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在线翻译:
szdaily -> Opinion
China on the move the changing way
    2018-February-12  08:53    Shenzhen Daily

Wu Guangqiang

jw368@163.com

THE world will soon witness the largest annual human migration on earth again: China’s Chunyun period, or the Spring Festival travel season.

As the Chinese version of Christmas, the Lunar New Year is a time when every Chinese returns home to be with family, exchanges gifts, enjoys the flavor of their hometown, and sets off firecrackers. Most Chinese will go to any lengths to get home.

The sheer size of China’s population of 1.4 billion makes the travel season one of the world wonders. It’s predicted that during the six weeks of the Chunyun period of 2018, over 3 billion trips will be made. That’s equivalent to roughly half of the world’s population journeying around in a span of just weeks.

By any standard, it’s a Herculean task to transport so many people to their destinations quickly and safely. According to data released by China’s Ministry of Transport, during last year’s Chunyun period, 43.2 percent of passengers traveled by train, 17.2 percent by air, 8.5 percent by car, and 30 percent used combined means.

The history of Chunyun is the epitome of China’s epoch-making changes in the past decades.

It was in 1954 that the State officially used the term Chunyun and set up an administration office to coordinate the related matters.

Despite the insignificant numbers of travelers then compared to those of today owing to an underdeveloped economy and extremely backward public transport system, traveling was very difficult at that time, even over short distances. The number of trips made in 1954 was a mere 23 million nationwide.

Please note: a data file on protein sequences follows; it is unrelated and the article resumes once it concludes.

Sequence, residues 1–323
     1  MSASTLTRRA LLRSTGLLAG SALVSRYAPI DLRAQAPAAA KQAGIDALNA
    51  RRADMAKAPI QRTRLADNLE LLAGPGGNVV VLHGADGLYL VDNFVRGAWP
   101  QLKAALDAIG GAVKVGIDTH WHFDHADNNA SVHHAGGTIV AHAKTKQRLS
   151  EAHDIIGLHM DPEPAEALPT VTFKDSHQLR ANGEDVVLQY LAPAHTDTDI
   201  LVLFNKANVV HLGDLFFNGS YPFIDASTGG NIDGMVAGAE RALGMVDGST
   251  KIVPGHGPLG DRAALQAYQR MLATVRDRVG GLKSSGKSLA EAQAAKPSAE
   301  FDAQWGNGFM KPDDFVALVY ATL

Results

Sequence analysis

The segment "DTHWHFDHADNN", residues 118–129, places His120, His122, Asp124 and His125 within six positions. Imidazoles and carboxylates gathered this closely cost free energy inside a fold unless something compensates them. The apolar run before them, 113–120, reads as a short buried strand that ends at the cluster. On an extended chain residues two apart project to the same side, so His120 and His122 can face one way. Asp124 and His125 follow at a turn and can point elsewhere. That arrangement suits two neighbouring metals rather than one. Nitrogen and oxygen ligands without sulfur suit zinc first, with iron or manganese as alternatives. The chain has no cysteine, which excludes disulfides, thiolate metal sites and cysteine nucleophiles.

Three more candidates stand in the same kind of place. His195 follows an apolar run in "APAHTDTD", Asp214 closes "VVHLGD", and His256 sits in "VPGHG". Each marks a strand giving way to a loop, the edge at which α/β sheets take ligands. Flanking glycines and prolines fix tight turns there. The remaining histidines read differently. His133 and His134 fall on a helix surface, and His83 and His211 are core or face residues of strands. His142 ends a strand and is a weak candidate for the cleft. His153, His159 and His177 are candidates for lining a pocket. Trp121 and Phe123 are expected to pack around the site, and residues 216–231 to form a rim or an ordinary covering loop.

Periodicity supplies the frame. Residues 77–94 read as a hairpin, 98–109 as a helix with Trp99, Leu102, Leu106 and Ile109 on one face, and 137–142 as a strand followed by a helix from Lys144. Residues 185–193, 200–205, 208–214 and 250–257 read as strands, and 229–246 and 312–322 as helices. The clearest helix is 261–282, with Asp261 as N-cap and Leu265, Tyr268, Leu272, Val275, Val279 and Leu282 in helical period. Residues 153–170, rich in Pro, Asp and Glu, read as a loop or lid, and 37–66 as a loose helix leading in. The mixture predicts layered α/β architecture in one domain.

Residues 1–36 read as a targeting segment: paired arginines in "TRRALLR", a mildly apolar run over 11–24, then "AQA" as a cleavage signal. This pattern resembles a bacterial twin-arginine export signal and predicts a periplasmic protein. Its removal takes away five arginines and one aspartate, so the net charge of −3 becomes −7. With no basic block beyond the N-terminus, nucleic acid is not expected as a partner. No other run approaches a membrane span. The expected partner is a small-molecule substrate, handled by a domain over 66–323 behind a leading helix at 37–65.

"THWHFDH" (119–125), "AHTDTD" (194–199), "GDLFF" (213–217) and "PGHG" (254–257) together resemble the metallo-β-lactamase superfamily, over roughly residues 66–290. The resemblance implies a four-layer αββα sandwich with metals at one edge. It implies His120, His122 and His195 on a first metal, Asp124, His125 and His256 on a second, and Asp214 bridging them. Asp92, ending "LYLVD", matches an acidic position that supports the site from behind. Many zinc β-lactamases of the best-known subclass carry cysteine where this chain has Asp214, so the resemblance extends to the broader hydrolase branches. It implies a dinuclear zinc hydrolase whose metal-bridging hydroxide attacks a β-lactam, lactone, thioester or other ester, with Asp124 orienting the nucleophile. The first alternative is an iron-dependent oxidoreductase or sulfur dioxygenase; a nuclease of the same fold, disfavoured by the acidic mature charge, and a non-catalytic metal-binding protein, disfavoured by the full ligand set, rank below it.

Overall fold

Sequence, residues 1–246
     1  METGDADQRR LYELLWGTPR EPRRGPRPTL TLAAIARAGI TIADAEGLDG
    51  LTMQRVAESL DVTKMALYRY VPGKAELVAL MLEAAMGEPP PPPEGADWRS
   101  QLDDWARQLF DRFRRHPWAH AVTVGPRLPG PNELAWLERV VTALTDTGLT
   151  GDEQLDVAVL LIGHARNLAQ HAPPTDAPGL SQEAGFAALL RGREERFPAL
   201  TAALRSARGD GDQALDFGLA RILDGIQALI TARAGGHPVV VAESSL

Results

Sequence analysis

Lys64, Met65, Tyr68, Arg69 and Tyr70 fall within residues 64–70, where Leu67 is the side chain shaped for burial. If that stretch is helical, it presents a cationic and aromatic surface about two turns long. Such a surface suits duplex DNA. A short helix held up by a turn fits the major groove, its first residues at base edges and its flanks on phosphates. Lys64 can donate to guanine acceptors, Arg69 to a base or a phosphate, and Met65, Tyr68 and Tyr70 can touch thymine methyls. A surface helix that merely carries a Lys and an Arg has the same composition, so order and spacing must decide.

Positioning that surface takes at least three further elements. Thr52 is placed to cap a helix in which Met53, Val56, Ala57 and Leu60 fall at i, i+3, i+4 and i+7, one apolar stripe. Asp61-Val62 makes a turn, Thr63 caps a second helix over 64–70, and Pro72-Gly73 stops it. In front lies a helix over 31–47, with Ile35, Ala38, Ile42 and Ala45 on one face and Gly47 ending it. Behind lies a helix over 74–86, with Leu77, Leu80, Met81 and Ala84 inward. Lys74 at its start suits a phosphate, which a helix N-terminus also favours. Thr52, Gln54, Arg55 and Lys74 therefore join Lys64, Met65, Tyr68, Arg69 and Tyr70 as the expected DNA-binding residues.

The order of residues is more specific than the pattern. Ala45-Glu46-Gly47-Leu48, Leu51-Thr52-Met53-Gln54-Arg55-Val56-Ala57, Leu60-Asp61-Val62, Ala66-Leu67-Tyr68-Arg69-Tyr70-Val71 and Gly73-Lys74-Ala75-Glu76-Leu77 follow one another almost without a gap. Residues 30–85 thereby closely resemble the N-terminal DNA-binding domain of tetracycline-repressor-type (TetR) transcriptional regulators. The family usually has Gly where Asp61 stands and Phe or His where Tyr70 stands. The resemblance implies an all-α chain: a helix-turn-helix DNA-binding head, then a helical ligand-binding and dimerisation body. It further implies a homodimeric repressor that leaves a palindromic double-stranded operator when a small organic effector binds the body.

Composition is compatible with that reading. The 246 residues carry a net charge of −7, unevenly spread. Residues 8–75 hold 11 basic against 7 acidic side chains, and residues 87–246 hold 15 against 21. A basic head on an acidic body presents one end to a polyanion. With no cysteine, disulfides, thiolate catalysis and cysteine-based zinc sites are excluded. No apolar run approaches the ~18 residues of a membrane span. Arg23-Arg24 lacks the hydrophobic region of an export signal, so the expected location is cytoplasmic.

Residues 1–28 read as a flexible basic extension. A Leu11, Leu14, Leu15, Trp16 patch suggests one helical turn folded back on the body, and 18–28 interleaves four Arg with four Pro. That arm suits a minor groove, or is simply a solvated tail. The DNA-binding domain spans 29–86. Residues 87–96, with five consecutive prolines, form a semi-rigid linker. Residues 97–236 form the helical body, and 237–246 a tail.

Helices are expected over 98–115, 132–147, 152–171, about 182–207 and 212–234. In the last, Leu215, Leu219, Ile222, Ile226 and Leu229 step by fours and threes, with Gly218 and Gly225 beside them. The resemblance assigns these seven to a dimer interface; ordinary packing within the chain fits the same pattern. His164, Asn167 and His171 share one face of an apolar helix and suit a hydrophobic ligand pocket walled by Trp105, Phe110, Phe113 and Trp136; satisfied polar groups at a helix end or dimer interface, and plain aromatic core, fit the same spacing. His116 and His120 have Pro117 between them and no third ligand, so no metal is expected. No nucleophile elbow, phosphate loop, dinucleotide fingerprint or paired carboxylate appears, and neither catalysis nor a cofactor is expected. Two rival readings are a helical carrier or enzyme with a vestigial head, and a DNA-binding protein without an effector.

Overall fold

The adoption of the reform and opening-up policy in the late 1970s greatly boosted China’s economic growth, which resulted in the explosive increase in the number of travelers. From 23 million in 1954, the number of trips during the Chunyun period rose steadily to 100 million in 1979, 500 million in 1984, 1 billion in 1994, 2 billion in 2006, 3 billion in 2012, and peaked at 3.62 billion in 2014.

The millions, even billions of trips definitely place a severe strain on China’s transportation resources. In early years, waiting in an endless line outside a ticket office was the only way to book a trip. Later on, online booking was made available, but the chances of grabbing a ticket were still as slim as winning a lottery.

Fortunately, China’s rapid economic and technological advancement is turning traveling from an unpleasant experience into an enjoyable one.

Chinese passengers are savoring the convenience of the most diversified means of transportation in the world. Whizzing high-speed railways have taken the place of crowded, slowly chugging trains. Fast-expanding fleets of jetliners have also become an affordable choice for passengers.

High-tech measures are being adopted to facilitate traveling. Facial recognition has been used at many stations to speed up the flow of passengers. Without paper tickets or manual check-in procedures, time spent queuing before entry has been greatly reduced. Before long, the technology will be used at all transport terminals.

Mobile payment saves a lot of time for passengers and service providers alike, which is of great significance given the huge numbers of travelers.

Big data and AI deep learning are also helping those who are unable to get train or air tickets go home in a new way: car-pooling. Cutting-edge technologies better match the potential passengers with the car providers.

According to Didi Chuxing, China’s No. 1 ride-sharing company, it will transport 33 million people in pooled cars during this coming Chunyun period, eight times that of the last year.

(The author is an English tutor and freelance writer.)

 

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Shenzhen Daily E-mail:szdaily@szszd.com.cn